In accordance with the Office for Nuclear Regulation's (ONR's) Sellafield Strategy, each year ONR performs a series of planned compliance inspections of core licence conditions, targeting those facilities with the potential to give rise to off-site effects to the public.
This planned, core licence condition inspection was carried out to assess Sellafield Ltd.'s (SL's) compliance with licence conditions (LC) 28 - examination, inspection, maintenance and testing and 36 - organisational capability, at the Thermal Oxide Reprocessing Plant (THORP) at Sellafield.
LC 28 requires SL to "make and implement adequate arrangements for the regular and systematic examination, inspection, maintenance and testing of all plant which may affect safety."
LC 36 requires SL to "make and implement adequate arrangements to control any change to its organisational structure or resources which may affect safety"
I carried out two one day licence compliance inspections against licence conditions 28 and 36 utilising the following ONR inspection guidance:
In addition I carried out other plant visits including a short observation of radiological exit monitoring standards at the THORP 10m North Change room.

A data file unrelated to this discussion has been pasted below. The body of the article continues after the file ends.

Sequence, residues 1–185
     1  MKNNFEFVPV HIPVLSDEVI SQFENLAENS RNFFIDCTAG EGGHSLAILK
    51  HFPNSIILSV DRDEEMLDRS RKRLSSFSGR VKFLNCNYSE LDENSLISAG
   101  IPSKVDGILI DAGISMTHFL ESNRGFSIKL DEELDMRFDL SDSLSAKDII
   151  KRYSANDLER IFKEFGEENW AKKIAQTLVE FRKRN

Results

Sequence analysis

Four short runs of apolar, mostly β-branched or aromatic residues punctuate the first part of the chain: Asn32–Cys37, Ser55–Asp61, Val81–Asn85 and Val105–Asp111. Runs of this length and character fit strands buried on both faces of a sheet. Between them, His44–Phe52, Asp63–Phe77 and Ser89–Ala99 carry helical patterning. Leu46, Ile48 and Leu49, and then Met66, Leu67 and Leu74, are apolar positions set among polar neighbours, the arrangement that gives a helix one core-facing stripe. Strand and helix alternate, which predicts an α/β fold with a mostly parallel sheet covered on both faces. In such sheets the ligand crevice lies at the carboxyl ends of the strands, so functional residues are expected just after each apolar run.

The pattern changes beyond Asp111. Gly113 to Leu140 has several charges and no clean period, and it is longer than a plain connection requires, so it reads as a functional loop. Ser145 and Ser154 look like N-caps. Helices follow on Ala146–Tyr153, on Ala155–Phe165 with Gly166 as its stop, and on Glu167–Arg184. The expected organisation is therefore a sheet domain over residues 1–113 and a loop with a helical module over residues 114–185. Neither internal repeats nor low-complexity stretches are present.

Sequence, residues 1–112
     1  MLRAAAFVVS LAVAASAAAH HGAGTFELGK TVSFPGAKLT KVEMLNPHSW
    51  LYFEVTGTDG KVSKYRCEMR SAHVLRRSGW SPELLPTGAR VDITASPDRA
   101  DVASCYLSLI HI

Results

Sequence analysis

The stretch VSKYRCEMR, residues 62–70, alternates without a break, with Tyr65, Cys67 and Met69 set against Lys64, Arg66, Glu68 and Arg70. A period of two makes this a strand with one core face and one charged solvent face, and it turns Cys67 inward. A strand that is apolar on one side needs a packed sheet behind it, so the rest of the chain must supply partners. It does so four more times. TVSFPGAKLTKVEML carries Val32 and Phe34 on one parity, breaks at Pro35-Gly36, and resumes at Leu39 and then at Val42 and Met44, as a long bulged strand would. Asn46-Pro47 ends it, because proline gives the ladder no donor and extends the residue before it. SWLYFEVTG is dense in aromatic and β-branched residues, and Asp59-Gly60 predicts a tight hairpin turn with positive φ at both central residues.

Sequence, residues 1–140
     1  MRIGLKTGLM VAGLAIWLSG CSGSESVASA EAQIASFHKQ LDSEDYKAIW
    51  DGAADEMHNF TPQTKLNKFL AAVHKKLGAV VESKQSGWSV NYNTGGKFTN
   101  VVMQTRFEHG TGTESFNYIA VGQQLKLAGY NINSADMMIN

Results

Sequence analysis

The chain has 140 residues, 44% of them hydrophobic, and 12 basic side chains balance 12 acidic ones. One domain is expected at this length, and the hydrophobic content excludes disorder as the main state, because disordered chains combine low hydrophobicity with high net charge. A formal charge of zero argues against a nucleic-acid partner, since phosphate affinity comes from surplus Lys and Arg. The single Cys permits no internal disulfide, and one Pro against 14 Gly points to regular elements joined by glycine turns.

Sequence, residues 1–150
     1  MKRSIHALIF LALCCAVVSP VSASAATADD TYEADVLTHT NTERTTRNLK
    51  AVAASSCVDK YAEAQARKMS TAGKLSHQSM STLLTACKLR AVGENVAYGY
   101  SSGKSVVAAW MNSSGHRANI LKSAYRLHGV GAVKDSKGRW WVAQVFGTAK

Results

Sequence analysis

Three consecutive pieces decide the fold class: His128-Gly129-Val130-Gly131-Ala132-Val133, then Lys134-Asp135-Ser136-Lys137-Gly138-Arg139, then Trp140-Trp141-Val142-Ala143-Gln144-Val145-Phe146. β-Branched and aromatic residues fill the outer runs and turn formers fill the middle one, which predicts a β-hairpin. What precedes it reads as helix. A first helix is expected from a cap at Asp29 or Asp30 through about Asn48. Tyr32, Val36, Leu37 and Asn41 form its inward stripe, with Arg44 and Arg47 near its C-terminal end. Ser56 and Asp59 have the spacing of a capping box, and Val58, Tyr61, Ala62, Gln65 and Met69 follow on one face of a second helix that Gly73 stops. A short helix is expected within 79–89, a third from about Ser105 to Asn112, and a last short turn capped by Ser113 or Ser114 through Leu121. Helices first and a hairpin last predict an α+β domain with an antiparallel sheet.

N/A as this was not a safety systems inspection.
Overall I consider that SL demonstrated continued robust management of maintenance schedule delivery and significantly improved management of its normal plant maintenance backlog.
The introduction of monthly system metric reports will provide improved and more proactive management of system health. In addition I consider the introduction of more proportionate and more frequent short-form system health reports to be a positive development.
THORP has improved the visibility of its management of organisation capability and was able to demonstrate that organisational changes are being categorised, assessed and implemented appropriately in accordance with Sellafield's arrangements.
I nevertheless have some concerns as to whether the improvements to nuclear baseline management that SL seeks to achieve will be fully supported by its new OPMS training record system.
I consider that THORP demonstrated appropriate management in its response to a small number of instances where minimum manning levels were temporarily not met.
I considered that the radiological monitoring standards observed were generally adequate with an appropriate understanding of their importance being demonstrated by the staff I interviewed.
On the basis of the evidence gathered during these inspections, I judge that inspection ratings of GREEN (No formal action) are appropriate for compliance against both LC 28 (Examination, inspection, maintenance and testing) and LC 36 (Organisation capability). This is because I found SL to be compliant with its legal duties with only minor areas for further improvement being identified.